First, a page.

It’s also a tough nut to crack, with some American companies already deciding their big China opportunity is over. Some brands get it hopelessly wrong, and some people lose it completely.

As such, Chinese adventures make compelling television, as programmes like An Idiot Abroad confirm (though Karl Pilkington’s experiences were not a patch on mine). As luck would have it, TV production company The Media Pioneers is looking to hear from budding entrepreneurs who are leaving the UK to start a business in China for the purpose of chronicling their journey.

At a time when shows like The Apprentice feels passé (why start a business in London when you can have a go in the world’s second biggest economy?) and Brexit supposedly means Brexit, now feels a good moment to turn the spotlight on entrepreneurs in Shanghai rather than Shoreditch.

If interested, email: ubutt@themediapioneers.co.uk or mliang@themediapioneers.co.uk (and good luck!).

London perceived as the world’s best city, PwC report shows

London phone box

City rankings are all the rage these days. This year we have seen surveys from Mercer, the EIU and Monocle. Any day now, I’m expecting to see the World’s Best Cities to Celebrate the Festive Season (with the likes of Vienna emerging top again).

Most recently, PwC have joined the throng, revealing the world’s Best Cities as voted for by the public across a range of factors such as politics, food, happiness, culture and business. The report was conducted in collaboration with BAV Consulting, polling 5,200 decision makers, informed elites and other members of the public from 16 countries (I’m not sure why so few countries were targeted) in December 2015.

Unsurprisingly, it’s the so-called “world cities” that dominate international affairs and fill column inches that have won most recognition. They have a left an imprint on the public consciousness.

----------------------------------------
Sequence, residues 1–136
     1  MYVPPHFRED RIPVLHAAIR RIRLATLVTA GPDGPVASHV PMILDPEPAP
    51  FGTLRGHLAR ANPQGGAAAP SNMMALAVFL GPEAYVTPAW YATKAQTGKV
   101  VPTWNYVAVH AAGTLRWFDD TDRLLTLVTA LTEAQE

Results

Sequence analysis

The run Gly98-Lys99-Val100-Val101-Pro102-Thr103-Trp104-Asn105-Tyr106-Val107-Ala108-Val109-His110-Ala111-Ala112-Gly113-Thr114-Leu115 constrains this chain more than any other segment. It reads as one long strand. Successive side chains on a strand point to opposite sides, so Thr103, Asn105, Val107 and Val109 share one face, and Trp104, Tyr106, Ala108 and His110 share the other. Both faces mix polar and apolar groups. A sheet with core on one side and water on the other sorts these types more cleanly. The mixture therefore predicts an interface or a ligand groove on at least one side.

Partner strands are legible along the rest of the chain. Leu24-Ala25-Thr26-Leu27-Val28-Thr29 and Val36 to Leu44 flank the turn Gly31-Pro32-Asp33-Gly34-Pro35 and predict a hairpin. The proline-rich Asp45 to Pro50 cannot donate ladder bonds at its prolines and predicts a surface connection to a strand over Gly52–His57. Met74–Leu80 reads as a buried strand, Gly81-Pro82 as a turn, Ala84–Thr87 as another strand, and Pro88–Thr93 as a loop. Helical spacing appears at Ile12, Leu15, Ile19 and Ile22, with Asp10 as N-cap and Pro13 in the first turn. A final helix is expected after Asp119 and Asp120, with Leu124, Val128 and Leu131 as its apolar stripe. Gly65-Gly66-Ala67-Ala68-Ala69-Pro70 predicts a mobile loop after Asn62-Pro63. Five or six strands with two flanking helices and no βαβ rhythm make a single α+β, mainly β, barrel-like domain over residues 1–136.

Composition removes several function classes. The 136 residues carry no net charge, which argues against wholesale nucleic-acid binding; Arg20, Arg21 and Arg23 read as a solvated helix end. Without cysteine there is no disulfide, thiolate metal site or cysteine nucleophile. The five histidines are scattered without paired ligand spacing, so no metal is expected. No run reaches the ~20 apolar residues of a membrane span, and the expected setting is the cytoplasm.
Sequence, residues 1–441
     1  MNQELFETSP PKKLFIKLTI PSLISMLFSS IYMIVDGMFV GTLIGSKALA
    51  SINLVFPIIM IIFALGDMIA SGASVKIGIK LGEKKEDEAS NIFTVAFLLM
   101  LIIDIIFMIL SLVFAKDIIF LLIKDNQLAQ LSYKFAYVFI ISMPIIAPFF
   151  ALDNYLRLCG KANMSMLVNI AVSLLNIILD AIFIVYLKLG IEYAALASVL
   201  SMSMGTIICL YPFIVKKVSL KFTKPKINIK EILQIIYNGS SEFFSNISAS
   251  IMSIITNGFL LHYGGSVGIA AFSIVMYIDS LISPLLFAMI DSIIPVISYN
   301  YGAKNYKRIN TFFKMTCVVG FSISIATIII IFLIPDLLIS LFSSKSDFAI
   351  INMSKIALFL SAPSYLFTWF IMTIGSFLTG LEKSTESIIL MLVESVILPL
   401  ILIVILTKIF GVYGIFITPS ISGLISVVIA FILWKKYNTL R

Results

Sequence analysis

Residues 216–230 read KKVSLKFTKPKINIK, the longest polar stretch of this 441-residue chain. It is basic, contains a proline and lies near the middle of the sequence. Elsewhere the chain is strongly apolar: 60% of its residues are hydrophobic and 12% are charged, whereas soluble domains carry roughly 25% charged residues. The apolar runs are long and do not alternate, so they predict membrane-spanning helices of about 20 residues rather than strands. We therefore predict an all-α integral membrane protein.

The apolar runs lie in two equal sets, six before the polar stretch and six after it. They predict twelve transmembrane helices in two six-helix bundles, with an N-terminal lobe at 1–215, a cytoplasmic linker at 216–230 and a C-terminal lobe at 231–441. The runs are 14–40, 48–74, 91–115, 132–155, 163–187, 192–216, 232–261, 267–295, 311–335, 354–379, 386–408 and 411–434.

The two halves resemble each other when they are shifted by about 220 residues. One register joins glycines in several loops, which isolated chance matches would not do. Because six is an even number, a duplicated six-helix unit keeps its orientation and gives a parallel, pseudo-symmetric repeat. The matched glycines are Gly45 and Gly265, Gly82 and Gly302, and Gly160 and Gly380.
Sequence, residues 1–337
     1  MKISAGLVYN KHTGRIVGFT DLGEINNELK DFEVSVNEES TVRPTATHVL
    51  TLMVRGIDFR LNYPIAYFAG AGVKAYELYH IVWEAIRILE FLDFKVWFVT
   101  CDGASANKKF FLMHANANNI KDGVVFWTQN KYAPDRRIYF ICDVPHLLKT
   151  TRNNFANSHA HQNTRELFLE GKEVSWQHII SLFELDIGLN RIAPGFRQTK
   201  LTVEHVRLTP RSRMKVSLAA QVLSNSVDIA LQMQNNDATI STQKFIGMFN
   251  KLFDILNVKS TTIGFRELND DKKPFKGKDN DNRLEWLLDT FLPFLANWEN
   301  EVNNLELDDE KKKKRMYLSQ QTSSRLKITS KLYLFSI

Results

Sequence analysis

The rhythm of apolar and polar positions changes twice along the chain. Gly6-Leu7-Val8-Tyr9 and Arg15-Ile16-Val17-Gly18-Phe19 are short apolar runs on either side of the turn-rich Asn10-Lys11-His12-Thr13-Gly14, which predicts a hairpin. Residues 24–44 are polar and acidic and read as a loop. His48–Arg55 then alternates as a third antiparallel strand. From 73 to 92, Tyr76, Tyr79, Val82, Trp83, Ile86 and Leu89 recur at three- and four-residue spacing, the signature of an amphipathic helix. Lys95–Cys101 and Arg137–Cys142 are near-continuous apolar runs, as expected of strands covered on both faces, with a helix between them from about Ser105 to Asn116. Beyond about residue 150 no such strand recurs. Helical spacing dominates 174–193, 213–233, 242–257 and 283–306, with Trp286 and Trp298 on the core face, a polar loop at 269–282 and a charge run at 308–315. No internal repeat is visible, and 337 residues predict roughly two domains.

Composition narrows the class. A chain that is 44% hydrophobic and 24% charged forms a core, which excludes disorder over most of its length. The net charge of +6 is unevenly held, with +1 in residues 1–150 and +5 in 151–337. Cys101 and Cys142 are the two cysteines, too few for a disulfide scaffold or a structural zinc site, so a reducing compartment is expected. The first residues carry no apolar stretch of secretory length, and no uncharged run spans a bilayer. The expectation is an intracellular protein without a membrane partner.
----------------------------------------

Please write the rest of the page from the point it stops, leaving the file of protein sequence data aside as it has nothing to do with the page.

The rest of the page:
London (which enjoys by far most media attention in the UK) is seen as the world’s greatest city, with perennial superbrands Paris and New York completing the top three:

    1. London
    2. Paris
    3. New York
    4. Amsterdam
    5. Sydney
    6. Berlin
    7. Tokyo
    8. Toronto
    9. Stockholm
    10. Los Angeles

It’s hard to see London displaced any time soon. Brexit is unlikely to hurt London’s ranking, a question posed by PwC in their report. The UK capital has a history of battling through crises. More than anything, its capacity to remain resilient and reinvent itself throughput the years underlines its appeal, like all successful brands.

Yet while the traditional triumvirate are seen as the most influential, they might not necessarily be the most liveable cities. Young people are keen to move away from expensive cities, and from London in particular.

PwC’s findings are especially interesting as a report was released in parallel showing how cities were performing in “reality”, based on hard facts instead of perception. The report, Cities of Opportunity, showed that while London came top again, Singapore and Toronto emerged second and third best, respectively:

  1. London
  2. Singapore
  3. Toronto
  4. Paris
  5. Amsterdam
  6. New York
  7. Stockholm
  8. San Francisco
  9. Hong Kong
  10. Sydney

It appears that Hong Kong and Singapore have an image problem!